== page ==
fraudulent conveyance action would stand as a major obstacle to the purpose and

objectives of’ the prohibition in Section 546(g).”130

The Tribune court paraphrased the

Barclays court—fairly, in this Court’s view—as having reasoned that:

In essence, SemGroup could not simply take off its
trustee hat
, put on its creditor hat, and file an
avoidance claim that Section 546(g) prohibited the
from filing.131

The Tribune court contrasted its own situation:

By contrast, the Individual Creditors here, unlike
SemGroup, are not creatures of a Chapter 11 plan,
and they are in no way identical with the

court mandate pursuant to an appeal. See In re Motors Liquidation Co., 486 B.R. 596, 642 n.189
(Bankr. S.D.N.Y. 2013) (Gerber, J.); see also Gasperini v. Ctr. for Humanities, Inc., 518 U.S. 415,
430 n.10 (1996) (“If there is a federal district court standard, it must come from the Court of
Appeals, not from the over 40 district court judges in the Southern District of New York, each of
whom sits alone and renders decisions not binding on the others.”); Tuttle v. Buckner (In re
, 218 B.R. 137, 146 n.12 (10th Cir. BAP 1998) (decision of a district judge, while
binding in the case from which an appeal was taken, was merely persuasive, and not binding, in
another case) (citing 1B JAMES WM. MOORE, MOORE'S FEDERAL PRACTICE ¶ 0.402[1] (2d ed.
1996) (opinion of single judge in a multi-judge district is not binding precedent in future cases, but
merely persuasive)).


499 B.R. at 319.




Id. (emphasis added).


Id. (emphasis added).

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bankruptcy trustee; as a result, there is no reason
why Section 546(e) should apply to them in the
same way that Section 546(g) applied to

Here too, Barclays is distinguishable for the reasons set forth in the italicized


In this case, estate claims and creditor claims are not being asserted by the

same trust, and the Creditor Trust is not also asserting claims on behalf of the Lyondell

estate. Rather, the plaintiff Creditor Trust here holds only creditor claims—with respect

to which the estate abandoned section 544 rights the estate had to assert on behalf of

creditors generally—and the creditors who owned the underlying avoidance claims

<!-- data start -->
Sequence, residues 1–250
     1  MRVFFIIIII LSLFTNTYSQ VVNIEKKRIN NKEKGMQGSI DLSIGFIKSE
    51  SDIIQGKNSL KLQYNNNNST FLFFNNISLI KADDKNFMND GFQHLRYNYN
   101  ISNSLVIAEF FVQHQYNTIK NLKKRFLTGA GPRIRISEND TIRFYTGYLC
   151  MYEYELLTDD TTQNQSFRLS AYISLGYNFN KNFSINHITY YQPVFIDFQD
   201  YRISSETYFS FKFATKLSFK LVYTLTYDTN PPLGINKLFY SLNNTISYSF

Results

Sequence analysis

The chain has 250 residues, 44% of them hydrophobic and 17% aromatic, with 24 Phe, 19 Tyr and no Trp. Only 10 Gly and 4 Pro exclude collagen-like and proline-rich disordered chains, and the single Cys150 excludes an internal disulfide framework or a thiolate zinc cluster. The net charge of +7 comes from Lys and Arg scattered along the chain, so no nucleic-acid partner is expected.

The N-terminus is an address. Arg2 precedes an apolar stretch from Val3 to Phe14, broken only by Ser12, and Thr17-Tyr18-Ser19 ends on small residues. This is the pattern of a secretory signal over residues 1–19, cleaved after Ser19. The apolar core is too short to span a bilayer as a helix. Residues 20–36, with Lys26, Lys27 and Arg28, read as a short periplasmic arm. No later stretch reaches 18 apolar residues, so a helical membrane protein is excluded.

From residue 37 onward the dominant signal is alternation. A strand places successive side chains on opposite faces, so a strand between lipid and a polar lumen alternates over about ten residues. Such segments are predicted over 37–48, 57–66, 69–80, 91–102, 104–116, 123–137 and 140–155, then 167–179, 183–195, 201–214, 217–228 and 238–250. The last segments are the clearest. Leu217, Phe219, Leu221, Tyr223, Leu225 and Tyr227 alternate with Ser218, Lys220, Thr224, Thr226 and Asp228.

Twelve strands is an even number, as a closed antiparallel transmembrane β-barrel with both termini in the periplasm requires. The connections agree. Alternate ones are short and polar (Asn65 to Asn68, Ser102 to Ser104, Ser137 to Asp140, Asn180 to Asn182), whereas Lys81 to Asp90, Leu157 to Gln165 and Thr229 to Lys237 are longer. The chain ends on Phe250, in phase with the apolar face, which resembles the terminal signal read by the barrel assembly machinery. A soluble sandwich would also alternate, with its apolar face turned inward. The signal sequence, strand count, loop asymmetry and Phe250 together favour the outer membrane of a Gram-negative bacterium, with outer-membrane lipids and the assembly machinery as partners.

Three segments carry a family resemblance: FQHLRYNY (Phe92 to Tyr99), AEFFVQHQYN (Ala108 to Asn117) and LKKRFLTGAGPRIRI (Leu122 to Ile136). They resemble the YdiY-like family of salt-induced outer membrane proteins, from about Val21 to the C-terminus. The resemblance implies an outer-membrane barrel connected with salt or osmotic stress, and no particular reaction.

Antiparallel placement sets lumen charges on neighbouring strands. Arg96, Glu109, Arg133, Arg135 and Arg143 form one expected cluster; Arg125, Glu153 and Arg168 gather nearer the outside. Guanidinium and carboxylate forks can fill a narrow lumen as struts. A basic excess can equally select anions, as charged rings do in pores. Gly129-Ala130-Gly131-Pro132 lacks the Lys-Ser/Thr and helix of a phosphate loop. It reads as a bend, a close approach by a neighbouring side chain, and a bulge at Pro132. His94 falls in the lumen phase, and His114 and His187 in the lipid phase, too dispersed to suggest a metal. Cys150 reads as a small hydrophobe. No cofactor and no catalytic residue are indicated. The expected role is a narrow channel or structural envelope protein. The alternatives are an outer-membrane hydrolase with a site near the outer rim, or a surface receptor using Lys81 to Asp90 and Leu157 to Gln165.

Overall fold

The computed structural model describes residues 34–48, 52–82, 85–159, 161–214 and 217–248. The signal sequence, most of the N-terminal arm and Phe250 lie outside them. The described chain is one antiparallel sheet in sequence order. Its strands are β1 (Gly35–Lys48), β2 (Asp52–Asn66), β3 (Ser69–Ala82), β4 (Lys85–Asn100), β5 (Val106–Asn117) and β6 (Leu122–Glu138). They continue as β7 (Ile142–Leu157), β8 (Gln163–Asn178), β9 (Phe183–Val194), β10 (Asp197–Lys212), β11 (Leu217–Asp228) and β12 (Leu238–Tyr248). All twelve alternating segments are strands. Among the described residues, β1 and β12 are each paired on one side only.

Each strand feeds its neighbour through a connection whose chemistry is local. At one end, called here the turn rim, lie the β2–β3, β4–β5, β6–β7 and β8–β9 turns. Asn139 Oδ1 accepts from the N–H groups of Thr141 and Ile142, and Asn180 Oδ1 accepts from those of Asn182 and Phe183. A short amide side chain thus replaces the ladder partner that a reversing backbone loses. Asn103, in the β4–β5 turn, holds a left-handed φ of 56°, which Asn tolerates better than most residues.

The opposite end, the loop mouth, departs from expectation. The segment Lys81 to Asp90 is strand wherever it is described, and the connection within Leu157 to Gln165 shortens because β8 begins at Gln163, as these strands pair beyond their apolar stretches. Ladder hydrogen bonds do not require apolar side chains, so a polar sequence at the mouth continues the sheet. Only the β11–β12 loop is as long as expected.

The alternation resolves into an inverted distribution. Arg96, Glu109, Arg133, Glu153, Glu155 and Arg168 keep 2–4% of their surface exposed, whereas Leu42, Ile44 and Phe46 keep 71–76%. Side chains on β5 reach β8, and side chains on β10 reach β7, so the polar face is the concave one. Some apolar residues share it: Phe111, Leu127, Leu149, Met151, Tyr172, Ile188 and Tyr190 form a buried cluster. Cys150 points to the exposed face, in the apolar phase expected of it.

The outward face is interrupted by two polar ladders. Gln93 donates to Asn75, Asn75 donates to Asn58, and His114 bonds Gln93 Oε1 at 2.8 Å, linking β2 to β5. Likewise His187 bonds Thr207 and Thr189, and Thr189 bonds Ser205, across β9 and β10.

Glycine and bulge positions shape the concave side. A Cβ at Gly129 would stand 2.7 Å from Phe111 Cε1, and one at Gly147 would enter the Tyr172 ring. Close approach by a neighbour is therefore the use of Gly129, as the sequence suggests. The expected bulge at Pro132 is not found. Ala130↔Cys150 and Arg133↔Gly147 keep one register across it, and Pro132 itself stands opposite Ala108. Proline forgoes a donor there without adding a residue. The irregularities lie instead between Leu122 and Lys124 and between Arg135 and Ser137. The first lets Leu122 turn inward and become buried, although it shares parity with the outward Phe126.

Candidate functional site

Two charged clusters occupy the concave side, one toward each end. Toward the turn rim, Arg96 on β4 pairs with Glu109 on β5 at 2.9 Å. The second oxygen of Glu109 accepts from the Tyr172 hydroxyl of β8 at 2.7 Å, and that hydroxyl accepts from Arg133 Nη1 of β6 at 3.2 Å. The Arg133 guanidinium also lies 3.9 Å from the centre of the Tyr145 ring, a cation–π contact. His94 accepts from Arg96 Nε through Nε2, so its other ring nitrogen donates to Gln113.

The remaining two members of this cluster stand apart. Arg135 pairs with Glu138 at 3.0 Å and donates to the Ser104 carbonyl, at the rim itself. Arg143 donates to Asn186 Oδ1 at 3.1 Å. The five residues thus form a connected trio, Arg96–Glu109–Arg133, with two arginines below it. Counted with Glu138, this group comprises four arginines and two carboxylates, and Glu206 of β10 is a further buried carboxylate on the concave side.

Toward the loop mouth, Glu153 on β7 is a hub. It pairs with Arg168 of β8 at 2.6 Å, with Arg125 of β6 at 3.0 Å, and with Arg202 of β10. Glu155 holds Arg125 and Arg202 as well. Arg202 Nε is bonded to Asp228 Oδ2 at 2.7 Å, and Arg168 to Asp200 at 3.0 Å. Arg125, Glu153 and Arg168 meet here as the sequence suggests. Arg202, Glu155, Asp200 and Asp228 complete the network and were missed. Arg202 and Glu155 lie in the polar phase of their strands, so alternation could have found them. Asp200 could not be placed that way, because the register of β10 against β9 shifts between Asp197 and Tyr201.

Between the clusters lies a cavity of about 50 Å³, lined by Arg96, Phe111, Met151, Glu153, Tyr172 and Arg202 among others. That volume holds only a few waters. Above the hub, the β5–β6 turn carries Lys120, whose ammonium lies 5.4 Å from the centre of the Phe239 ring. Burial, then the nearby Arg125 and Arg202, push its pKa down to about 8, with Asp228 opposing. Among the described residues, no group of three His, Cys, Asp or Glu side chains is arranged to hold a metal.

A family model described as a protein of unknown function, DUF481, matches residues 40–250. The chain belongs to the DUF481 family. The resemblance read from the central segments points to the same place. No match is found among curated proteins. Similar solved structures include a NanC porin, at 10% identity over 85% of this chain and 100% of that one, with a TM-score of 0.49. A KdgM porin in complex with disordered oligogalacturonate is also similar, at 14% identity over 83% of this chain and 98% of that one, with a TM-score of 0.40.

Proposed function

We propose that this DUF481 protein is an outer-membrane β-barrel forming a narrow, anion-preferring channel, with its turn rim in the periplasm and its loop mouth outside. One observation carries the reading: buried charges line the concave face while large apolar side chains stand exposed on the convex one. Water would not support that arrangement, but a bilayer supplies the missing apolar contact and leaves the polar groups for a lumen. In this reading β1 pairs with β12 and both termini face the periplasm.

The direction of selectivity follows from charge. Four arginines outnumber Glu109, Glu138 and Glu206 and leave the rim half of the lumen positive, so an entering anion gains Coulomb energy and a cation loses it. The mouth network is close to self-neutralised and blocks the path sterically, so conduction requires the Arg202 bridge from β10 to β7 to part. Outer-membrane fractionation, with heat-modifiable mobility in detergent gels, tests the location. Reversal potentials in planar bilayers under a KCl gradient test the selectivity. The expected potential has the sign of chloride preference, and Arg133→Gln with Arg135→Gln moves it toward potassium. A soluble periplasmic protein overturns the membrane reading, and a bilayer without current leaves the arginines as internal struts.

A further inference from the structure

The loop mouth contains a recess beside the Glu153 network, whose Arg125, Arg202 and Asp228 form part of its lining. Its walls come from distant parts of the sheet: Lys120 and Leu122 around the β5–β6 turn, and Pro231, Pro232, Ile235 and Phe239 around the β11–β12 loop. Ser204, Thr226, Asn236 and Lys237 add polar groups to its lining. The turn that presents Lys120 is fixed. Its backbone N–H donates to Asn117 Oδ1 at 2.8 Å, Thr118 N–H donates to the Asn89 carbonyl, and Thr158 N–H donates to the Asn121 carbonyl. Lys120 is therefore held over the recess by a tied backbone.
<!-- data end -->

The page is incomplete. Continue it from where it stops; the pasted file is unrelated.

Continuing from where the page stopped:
Id. (emphasis added). Similarly, the Tribune court noted three other cases in which federal courts
blocked state causes of action because of section 546(e). See 499 B.R. at 319 n.10 (citing
Contemporary Indus. Corp. v. Frost, 564 F.3d 981, 988 (8th Cir. 2009); U.S. Bank N.A. v. Verizon
Commc'ns Inc.
, 892 F. Supp. 2d 805, 812, 815 (N.D. Tex. 2012); Hechinger, 274 B.R. at 95–96).
But it observed that each of the cases likewise involved a successor to the bankruptcy trustee—
which was expressly bound by section 546(e), and that “none of them addresse[d] whether section
546(e) should apply to individuals or entities other than the trustee.” Id.


In one of the other respects with which the Court differs with the Barclays court (and where it
appears that the Tribune court assumed, without deciding, that the Barclays court did not err in
that respect), the Court does not find significance in the fact that a plaintiff litigation trust did or

did not acquire its rights under a chapter 11 plan, or was a “creature” of a chapter 11 plan. See
, 494 B.R. at 200.
The Barclays court cited no bankruptcy law or other authority as to why the distinction matters,
and this Court can think of no reason why it would. Individuals and entities can convey choses in
action by contract, and though, when they do so, the assignees are subject to defenses applicable to
their assignors, see, e.g., In re KB Toys Inc., 736 F.3d 247, 250 (3d Cir. 2013), the assignees also
acquire the rights of their assignors. A reorganization plan is a species of court approved contract,
see, e.g., Charter Asset Corp. v. Victory Markets, Inc. (In re Victory Markets, Inc.), 221 B.R. 298,

303 (2d Cir. BAP 1998) (“a confirmed plan holds the status of a binding contract as between the
debtor and its creditors”), and so long as the assignment of the rights has been duly implemented,
it does not matter whether that is accomplished by a standalone contract or pursuant to a plan.
Section 1123 of the Code, which addresses what a plan of reorganization may contain, provides
that in addition to the various enumerated matters, see section 1123(b)(2) through (b)(5), a plan

may “include any other appropriate provision not inconsistent with the applicable provisions of
this title.” Section 1123(b)(6). At least as a general matter, choses in action can be assigned. See,
, Advanced Magnetics, Inc. v. Bayfront Partners, Inc., 106 F.3d 11, 17 (2d Cir. 1997)
(“Advanced Magnetics”) (“In general, claims or choses in action may be freely transferred or
assigned to others.”); Cordes Fin. Serv. v. A.G. Edwards & Sons, 502 F.3d 91, 103 (2d Cir. 2007)
(same, quoting Advanced Magnetics). The assignments of claims by creditors under the plan in
SemGroup and in this case were garden variety examples of this.

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contributed them to the Creditor Trust. The matter here is analytically the same as the